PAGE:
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Walter Widdop

[1892-1949]


The operatic tenor Walter Widdop was born on Sparkhouse Lane, Norland on 19th April 1892, the son of John Henry Widdop.

He left school at the age of 12 and started work as a mill hand at Greetland, and later at Washer Lane Dye Works.

He learned to read music at the age of 21.

He began singing in a local church choir. He studied singing with Arthur Hinchcliffe. He joined the choir of the St James's Church, Halifax. He gained 10 first prizes in the 11 competitions which he entered before World War I. He served in the Army during World War I.

He began singing professionally late in life. Realising his abilities at the age of 30, he spent much time and money in training his voice.

He studied singing in Halifax with Arthur Hinchcliffe. He later studied in London under Charles Victor, Dinh Gilly and Signor Colli.

He came to the notice of Percy Pitt of the British National Opera Company. In Autumn 1923, he made his operatic début as Radames in Aida with the British National Opera Company in Leeds.

He studied the rôles of Wagner's operas. In early 1924, he made his Covent Garden début as Siegfried. He became the best English Wagnerian heldentenor of his day, and he was a successful singer in Händel oratorios.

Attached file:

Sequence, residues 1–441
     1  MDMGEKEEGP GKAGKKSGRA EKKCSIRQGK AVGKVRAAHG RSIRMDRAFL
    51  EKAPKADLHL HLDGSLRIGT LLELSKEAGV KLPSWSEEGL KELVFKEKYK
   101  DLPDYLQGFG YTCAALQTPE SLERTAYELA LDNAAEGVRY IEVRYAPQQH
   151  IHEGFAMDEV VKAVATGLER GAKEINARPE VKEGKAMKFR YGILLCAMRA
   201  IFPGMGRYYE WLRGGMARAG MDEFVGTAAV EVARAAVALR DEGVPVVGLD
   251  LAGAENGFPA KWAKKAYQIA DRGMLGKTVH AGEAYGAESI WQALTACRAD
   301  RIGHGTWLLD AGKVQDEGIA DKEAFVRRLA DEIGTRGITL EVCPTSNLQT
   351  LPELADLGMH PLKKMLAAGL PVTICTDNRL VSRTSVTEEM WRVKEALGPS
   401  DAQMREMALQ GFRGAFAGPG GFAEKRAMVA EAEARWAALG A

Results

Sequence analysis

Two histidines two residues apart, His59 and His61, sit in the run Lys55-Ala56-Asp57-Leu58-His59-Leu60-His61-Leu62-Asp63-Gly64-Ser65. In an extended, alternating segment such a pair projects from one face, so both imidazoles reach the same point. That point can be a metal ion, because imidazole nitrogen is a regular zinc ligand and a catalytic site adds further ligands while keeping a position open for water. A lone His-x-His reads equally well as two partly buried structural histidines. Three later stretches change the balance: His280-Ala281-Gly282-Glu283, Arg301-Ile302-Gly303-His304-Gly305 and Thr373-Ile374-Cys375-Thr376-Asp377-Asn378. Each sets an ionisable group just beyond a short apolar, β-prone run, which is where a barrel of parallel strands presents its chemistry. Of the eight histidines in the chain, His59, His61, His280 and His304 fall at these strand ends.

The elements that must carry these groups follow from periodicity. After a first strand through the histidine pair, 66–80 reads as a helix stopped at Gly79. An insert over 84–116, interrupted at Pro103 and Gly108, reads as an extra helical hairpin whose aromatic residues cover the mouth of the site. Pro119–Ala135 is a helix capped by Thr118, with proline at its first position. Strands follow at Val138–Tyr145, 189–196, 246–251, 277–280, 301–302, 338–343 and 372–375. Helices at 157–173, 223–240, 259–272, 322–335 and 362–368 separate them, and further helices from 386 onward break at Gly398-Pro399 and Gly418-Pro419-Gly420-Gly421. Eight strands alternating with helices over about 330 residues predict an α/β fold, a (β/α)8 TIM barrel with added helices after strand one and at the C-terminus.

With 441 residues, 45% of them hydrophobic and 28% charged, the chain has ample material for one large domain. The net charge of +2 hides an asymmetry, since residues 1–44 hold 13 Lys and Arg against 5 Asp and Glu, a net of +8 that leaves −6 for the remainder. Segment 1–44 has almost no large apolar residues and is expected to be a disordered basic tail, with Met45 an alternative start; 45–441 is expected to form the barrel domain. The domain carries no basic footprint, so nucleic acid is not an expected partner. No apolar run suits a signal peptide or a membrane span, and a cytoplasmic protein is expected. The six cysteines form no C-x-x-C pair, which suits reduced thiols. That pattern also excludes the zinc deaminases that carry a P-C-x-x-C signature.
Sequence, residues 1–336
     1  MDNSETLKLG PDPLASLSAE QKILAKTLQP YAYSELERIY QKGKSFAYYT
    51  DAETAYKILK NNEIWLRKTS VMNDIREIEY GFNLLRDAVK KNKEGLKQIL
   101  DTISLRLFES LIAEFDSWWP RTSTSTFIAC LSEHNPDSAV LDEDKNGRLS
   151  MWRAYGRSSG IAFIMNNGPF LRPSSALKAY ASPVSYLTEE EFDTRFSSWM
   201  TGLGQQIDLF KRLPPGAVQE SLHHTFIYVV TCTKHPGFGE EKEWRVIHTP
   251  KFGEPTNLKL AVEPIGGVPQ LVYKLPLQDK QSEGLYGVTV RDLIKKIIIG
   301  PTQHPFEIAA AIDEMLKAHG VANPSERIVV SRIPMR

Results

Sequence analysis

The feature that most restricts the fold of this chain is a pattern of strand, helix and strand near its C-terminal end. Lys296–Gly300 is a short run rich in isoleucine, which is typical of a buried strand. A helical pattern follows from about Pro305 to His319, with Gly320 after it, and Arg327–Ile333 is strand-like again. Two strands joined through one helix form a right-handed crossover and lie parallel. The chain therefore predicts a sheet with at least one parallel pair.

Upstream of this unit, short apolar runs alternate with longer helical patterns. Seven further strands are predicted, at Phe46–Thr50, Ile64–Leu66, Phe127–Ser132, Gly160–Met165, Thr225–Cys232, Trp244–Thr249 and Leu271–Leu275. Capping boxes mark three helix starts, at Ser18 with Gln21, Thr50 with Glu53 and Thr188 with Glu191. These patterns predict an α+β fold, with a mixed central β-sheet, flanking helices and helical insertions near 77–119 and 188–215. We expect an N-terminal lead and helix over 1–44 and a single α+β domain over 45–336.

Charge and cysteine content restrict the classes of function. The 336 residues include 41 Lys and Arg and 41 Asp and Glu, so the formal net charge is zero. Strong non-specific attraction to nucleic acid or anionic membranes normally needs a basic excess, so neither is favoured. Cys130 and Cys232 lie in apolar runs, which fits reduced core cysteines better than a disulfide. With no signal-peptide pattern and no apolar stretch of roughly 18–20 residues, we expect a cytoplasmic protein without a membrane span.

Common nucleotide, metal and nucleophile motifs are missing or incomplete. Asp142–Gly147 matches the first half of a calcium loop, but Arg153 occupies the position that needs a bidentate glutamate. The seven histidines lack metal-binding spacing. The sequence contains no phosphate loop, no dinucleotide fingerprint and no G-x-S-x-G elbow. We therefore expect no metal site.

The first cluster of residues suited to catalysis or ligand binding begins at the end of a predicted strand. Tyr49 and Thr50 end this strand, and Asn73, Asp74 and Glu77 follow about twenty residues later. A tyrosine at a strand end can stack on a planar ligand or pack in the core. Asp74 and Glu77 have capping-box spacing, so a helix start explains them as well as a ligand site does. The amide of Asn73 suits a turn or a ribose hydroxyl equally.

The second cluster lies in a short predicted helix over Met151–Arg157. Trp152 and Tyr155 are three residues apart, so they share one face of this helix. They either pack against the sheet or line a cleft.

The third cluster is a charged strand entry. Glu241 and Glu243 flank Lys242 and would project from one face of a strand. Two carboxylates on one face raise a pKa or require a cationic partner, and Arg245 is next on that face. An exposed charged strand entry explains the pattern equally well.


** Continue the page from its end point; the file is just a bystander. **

In 1929, he created the rôle of Bagoas in Eugene Goossens's opera Judith, directed by the composer.

He made many recordings for HMV.

He married Emily Whiteley of Elland.

Children: (1) Pauline who married Major Denis Spooner of Tor Dene, Chagford; (2) daughter.

He travelled widely.

During World War II, he entertained the troops with tours of South Africa, Canada and the Middle East. He gave concerts to the occupation troops in Germany and Austria.

In the 1940s, he lived at Bowers Hall, Barkisland when his London home had been bombed.

He sang at the opening ceremony of the 1948 Olympic Games in London.

In July 1949, shortly before his death, he sang the lead in Parsifal with Sir Adrian Boult at the Royal Albert Hall.

On 5th September 1949, he sang the Farewell from Wagner's Lohengrin at a Promenade Concert. He collapsed in his dressing room immediately afterwards and died the next day at his home in Hampstead, London


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Revised 11:27 on 2nd March 2014 / mmw132 / 7